The freeway will be designed to control storm water runoff and prevent flooding. The rates of discharge would not be greater than existing rates of discharge. Runoff from the completed freeway will be directed to existing and new drainage facilities. Existing drainage facilities with inadequate capacity will be improved to handle increased runoff flows. New runoff detention facilities might be required in some locations to limit the maximum rate of runoff released to existing drainage facilities.
In the western portion of the freeway alignment, drainage facilities ultimately discharge to the Salt River. In the eastern portion, existing drainage patterns from the South Mountains toward the Gila River would not be altered. Currently, drainage flows generally from the north to the south, passing under Pecos Road through a series of culverts following natural drainages/washes. Small drainage basins and channels on the northern side of the freeway to treat water quality and to meter and direct drainage flows under the freeway and onto the Gila River Indian Community land will function in the same manner as they are currently. ADOT has committed to continue coordination with the Gila River Indian Community on design of the drainage infrastructure through final design as well as other issues through the project development process.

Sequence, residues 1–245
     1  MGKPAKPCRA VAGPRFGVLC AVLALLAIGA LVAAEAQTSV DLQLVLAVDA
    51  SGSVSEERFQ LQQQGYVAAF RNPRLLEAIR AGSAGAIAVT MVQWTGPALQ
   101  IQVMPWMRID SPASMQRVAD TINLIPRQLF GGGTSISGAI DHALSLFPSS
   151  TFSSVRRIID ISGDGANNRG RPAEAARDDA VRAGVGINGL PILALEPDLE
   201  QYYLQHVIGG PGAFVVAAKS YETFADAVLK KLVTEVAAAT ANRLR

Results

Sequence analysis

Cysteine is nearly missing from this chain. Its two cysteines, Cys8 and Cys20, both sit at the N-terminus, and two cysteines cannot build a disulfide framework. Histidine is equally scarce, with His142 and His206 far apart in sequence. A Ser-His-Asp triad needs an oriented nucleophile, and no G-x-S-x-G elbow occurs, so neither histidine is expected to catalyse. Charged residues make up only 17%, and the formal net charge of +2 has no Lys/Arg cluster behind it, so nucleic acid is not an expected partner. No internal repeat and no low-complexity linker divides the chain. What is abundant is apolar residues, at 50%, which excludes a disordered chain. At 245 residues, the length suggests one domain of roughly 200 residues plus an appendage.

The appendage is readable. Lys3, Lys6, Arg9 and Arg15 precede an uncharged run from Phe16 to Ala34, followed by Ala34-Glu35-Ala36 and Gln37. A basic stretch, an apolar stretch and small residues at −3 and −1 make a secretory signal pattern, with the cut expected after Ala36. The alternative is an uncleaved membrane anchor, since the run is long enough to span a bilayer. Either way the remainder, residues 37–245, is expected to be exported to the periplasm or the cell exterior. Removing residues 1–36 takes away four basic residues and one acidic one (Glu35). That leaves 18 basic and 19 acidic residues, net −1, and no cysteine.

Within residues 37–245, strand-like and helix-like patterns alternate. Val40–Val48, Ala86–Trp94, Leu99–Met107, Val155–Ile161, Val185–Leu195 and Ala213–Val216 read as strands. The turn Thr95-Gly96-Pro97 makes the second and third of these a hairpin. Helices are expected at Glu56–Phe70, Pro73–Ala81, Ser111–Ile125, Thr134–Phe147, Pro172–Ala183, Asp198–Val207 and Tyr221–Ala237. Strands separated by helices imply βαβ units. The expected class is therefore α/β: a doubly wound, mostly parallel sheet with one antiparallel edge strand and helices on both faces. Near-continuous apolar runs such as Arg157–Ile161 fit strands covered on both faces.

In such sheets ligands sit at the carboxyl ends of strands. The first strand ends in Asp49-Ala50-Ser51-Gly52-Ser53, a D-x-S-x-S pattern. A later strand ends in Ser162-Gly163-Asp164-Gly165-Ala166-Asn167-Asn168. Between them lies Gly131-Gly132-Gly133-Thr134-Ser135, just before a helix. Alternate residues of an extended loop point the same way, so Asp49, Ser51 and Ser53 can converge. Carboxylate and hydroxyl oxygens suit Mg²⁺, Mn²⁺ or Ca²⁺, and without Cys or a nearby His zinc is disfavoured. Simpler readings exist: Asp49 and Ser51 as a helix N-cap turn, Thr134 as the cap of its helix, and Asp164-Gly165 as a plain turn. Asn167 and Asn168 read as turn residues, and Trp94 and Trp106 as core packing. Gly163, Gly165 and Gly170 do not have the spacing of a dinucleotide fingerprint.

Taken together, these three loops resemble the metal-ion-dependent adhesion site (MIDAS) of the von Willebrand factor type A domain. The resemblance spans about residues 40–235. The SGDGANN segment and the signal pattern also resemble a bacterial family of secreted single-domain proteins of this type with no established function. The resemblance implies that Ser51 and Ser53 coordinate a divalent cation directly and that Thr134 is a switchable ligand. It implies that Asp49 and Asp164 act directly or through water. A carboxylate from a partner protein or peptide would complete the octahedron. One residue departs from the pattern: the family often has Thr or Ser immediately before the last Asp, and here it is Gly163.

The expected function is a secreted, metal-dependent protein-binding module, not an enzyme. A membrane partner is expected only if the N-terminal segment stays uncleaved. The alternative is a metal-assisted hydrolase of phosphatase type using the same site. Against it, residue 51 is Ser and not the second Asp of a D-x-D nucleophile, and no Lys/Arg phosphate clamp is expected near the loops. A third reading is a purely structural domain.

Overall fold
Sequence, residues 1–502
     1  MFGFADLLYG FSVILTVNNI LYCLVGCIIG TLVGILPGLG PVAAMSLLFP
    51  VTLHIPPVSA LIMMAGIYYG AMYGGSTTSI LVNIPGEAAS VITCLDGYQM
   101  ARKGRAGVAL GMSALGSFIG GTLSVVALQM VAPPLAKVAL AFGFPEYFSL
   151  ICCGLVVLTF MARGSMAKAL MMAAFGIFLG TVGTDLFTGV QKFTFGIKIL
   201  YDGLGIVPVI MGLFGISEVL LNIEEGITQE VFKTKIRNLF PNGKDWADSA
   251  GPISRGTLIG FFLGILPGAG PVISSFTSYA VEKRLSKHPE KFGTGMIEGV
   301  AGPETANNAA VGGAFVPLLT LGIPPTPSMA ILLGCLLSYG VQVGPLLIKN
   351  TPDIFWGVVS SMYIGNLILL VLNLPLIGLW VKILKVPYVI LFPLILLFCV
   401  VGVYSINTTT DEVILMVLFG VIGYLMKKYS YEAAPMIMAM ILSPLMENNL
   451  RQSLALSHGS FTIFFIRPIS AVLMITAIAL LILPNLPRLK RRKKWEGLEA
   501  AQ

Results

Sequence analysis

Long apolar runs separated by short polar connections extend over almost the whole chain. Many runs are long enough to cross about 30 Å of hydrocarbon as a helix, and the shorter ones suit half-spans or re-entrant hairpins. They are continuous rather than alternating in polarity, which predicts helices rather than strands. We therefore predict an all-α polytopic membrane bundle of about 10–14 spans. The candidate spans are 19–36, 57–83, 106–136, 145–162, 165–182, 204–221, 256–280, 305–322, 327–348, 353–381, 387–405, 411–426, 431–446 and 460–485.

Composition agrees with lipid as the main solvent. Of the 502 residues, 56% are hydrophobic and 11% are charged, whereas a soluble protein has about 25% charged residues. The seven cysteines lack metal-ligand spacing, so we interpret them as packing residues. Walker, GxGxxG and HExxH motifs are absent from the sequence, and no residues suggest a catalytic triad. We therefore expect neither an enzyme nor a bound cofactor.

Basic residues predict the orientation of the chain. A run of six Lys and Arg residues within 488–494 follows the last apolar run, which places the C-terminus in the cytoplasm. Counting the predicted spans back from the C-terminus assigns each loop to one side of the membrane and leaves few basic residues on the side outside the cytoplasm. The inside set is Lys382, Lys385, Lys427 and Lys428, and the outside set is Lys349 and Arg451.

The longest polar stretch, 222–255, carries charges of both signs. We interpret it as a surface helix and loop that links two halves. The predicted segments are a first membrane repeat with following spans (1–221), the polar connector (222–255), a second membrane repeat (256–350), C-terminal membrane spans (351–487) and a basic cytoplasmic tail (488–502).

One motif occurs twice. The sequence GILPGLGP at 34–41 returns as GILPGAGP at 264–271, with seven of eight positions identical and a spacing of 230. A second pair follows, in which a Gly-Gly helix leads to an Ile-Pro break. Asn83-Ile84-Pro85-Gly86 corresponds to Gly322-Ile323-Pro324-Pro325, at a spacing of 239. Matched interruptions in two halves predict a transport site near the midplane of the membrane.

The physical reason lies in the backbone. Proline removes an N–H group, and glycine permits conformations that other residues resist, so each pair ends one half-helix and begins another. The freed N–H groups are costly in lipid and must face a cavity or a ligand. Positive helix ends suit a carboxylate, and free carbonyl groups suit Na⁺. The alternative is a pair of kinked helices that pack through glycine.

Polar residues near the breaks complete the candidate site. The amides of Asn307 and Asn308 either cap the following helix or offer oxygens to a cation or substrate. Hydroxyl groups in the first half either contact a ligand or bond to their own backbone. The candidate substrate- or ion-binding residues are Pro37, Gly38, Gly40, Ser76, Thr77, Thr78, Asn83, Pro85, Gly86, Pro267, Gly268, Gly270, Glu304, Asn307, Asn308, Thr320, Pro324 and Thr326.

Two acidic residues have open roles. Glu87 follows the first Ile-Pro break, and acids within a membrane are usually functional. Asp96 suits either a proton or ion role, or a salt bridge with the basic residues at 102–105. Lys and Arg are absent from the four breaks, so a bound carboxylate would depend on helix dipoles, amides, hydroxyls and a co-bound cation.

Federal law requires providing access to the proposed freeway from the Community. Traffic interchanges will provide the Gila River Indian Community access to the freeway. Connection from the Community to the service traffic interchanges bordered by Community land would be the responsibility of the Community, in coordination with appropriate jurisdictions.
Approximately 117,000 to 190,000 vehicles daily would use the South Mountain Freeway in 2035.
Air quality impacts were estimated through sophisticated computer modeling based on predictions of the amount and nature of traffic under worst-case scenarios. The emissions models are based on extensive emissions testing that the U.S. Environmental Protection Agency (EPA) has conducted on thousands of vehicles representative of the ages and models of the vehicle fleet on the roads today
The carbon monoxide and particulate matter (PM10) analyses demonstrated that the freeway will not contribute to any new localized violations, increase the frequency or severity of any existing violation, or delay timely attainment of the National Ambient Air Quality Standards or any required interim emissions reductions or other milestones.
Since ozone is a regional pollutant, there is no requirement to analyze potential impacts and no possibility of localized violations of ozone to occur at the project level. The Maricopa Association of Governments is responsible for developing plans to reduce emissions of ozone precursors in the Maricopa area. The South Mountain Freeway is included in the Regional Transportation Plan that has been determined by the U.S. Department of Transportation to conform to the State Implementation Plan on February 12, 2014.
The emission modeling developed for the freeway showed that for the mobile source air toxics study area, there would be little difference in total annual emissions of mobile source air toxics emissions (less than a 1 percent difference) in 2025 and 2035. In addition, beginning in 2017, the new EPA Tier 3 vehicle and fuel standards will reduce tailpipe and evaporative emissions and reduce mobile source air toxics.
The Record of Decision discusses the air quality analyses in greater detail.